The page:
The U.S. budget deficit soared to $1.9 trillion for the first eight months of the fiscal year, as federal revenues plummeted and spending surged to help blunt the economic pain of the coronavirus pandemic.
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In May, the gap between what the government spent and what it collected hit $424 billion, more than twice what it was one year ago, the Congressional Budget Office said on Monday. The nonpartisan agency estimated that revenue in May totaled $175 billion -- down $58 billion from last year, the direct result of a decline in wages and overall economic activity.
Federal spending climbed 53 percent last month to $598 billion, largely because of the massive government response to the virus outbreak and the related economic lockdown.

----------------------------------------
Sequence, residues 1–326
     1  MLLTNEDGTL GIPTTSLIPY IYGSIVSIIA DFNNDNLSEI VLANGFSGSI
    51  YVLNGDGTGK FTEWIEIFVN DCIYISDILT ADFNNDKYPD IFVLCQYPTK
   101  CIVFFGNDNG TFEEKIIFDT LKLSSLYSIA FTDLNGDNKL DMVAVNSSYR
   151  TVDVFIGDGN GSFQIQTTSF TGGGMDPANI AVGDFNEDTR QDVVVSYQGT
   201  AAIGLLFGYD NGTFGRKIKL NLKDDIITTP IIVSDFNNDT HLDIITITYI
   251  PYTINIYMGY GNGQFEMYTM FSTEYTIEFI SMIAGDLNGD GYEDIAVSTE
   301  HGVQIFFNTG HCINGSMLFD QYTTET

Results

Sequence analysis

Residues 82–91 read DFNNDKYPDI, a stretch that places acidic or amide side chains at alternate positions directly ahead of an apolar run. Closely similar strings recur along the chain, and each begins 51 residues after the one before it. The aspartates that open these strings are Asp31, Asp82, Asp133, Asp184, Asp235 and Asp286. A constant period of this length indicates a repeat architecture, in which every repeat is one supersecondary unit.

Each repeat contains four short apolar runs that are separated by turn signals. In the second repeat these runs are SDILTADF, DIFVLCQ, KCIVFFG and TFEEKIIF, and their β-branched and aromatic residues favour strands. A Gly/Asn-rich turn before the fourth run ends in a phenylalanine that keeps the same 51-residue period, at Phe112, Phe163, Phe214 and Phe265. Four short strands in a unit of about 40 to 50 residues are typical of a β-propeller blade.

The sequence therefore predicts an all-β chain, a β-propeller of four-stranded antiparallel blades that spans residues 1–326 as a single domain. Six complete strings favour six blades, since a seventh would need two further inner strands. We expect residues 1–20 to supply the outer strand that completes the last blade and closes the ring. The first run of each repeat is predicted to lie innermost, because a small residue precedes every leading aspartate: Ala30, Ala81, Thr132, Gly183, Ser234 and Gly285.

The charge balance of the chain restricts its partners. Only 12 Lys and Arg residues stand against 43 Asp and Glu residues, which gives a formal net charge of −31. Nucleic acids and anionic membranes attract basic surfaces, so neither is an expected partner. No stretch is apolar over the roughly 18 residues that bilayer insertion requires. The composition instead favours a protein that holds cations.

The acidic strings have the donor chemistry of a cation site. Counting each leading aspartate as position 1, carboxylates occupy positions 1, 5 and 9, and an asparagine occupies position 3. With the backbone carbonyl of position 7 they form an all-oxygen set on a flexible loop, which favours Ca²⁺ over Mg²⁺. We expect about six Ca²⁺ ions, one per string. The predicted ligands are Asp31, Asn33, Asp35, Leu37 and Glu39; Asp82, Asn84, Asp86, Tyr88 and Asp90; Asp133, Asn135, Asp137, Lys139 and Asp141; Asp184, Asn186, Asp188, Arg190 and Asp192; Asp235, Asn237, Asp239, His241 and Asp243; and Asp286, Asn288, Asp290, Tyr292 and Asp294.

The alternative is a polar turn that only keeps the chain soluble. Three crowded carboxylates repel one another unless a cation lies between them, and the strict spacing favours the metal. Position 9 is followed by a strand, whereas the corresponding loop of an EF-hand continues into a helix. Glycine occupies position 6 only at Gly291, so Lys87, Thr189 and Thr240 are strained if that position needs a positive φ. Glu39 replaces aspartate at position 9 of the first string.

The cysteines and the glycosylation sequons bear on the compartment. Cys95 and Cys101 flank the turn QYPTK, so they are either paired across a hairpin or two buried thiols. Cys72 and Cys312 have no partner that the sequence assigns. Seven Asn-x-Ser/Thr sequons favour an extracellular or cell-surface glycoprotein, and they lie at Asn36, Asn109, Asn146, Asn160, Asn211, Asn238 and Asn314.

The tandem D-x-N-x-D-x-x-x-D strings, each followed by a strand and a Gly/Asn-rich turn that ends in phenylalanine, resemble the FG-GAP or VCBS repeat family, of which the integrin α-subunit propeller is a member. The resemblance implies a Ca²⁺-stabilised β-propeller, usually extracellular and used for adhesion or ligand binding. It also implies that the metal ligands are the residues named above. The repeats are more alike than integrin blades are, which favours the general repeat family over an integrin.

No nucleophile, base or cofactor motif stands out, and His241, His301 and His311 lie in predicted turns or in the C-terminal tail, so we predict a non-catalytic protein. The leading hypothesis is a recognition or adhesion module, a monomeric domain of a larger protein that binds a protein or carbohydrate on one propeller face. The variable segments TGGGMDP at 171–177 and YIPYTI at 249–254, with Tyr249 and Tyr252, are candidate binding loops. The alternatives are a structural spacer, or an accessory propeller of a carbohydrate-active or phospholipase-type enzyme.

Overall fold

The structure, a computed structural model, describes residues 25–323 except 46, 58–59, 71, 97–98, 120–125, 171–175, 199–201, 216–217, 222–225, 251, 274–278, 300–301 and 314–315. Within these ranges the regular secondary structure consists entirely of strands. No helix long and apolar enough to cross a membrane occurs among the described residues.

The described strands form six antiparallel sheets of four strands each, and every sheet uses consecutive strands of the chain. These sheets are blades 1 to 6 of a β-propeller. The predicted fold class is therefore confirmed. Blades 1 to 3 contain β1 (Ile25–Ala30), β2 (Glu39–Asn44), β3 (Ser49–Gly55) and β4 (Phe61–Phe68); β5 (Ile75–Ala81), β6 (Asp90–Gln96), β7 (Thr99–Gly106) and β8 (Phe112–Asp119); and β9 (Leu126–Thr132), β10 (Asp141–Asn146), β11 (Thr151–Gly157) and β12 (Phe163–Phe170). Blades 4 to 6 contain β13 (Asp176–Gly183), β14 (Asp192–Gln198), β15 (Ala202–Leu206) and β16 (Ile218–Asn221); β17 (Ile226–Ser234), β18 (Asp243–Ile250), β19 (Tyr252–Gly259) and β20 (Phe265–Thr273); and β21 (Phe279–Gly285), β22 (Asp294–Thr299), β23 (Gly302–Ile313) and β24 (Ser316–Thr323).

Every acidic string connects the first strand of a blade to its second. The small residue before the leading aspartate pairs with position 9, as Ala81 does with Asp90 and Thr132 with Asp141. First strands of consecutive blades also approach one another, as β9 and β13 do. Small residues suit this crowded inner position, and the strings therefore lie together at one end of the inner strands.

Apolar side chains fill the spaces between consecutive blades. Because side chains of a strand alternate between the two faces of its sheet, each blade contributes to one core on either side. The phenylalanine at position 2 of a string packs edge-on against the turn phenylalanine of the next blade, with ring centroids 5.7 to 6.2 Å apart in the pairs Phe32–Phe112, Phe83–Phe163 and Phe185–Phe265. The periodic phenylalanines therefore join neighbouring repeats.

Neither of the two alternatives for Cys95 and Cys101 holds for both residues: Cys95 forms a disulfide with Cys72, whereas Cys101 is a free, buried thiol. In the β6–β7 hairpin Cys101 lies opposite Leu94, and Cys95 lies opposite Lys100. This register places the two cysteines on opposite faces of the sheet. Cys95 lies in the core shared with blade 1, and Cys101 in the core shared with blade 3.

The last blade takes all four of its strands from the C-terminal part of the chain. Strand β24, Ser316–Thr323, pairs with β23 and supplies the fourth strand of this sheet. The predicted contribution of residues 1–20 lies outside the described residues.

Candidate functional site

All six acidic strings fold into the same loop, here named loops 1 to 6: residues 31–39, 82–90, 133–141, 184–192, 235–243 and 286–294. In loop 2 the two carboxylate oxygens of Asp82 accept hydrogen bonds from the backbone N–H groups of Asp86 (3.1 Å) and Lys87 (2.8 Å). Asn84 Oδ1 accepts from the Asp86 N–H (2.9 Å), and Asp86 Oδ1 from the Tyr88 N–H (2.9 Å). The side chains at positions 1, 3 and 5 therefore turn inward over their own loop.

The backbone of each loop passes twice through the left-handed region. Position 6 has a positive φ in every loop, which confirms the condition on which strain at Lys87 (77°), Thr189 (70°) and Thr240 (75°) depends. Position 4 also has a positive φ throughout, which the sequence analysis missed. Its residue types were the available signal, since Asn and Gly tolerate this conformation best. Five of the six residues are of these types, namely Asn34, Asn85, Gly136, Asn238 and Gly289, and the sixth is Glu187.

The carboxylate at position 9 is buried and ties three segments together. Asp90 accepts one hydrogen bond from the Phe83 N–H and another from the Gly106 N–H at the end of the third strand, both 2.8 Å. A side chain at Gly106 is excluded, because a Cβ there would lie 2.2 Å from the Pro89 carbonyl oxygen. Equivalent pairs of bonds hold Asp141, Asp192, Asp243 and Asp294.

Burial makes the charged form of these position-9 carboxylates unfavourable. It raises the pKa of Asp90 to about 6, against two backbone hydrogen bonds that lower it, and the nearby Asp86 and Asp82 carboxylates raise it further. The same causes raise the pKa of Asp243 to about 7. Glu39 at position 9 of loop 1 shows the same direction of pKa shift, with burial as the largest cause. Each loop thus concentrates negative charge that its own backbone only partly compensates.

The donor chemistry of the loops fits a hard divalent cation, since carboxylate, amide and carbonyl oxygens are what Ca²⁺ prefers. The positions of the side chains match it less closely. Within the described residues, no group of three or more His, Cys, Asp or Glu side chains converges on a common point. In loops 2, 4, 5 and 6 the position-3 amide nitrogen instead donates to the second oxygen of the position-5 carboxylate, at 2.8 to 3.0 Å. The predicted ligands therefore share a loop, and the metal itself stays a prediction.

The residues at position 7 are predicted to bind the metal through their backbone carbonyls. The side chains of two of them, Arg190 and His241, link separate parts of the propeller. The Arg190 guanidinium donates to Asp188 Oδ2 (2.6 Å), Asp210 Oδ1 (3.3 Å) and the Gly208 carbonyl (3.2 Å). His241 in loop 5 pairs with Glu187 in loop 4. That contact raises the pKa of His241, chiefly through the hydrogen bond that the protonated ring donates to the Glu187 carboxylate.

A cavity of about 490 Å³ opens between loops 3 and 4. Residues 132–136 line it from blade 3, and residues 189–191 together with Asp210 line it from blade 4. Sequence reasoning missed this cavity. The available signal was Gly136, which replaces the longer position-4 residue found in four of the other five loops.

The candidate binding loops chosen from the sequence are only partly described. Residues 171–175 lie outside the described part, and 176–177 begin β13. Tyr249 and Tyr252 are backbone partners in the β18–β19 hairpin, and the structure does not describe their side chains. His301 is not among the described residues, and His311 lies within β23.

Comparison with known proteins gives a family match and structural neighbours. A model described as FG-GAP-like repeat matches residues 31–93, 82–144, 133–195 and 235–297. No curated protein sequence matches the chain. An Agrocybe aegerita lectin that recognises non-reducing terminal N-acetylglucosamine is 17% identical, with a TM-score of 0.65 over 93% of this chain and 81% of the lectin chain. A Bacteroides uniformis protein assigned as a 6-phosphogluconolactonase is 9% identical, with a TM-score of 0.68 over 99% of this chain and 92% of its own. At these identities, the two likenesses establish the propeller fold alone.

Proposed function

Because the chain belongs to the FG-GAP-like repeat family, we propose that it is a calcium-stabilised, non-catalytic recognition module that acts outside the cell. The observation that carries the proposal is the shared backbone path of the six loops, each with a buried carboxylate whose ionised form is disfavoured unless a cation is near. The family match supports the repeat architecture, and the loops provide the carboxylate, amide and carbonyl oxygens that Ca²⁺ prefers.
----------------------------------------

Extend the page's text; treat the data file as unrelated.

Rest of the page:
"That increase stems from the economic disruption caused by the 2020 coronavirus pandemic and from the federal government’s response to it," the CBO said.
The deficit for fiscal 2020 is expected to hit $3.8 trillion, a record, according to a projection from the Committee for a Responsible Federal Budget.
The current record for a fiscal year deficit is $1.41 trillion, set in 2009.
So far, Congress has passed four massive stimulus packages totaling nearly $3 trillion to blunt the economic pain from the virus outbreak. Democrats and Republicans widely agree that another aid package is necessary, but are divided about what should be included in the legislation.
Some options currently under consideration at the White House include a payroll tax cut, liability protections for businesses reopening during the outbreak, tax deductions or write-offs for individuals who take a vacation during a defined period of time, and a back-to-work bonus for unemployed Americans returning to their jobs.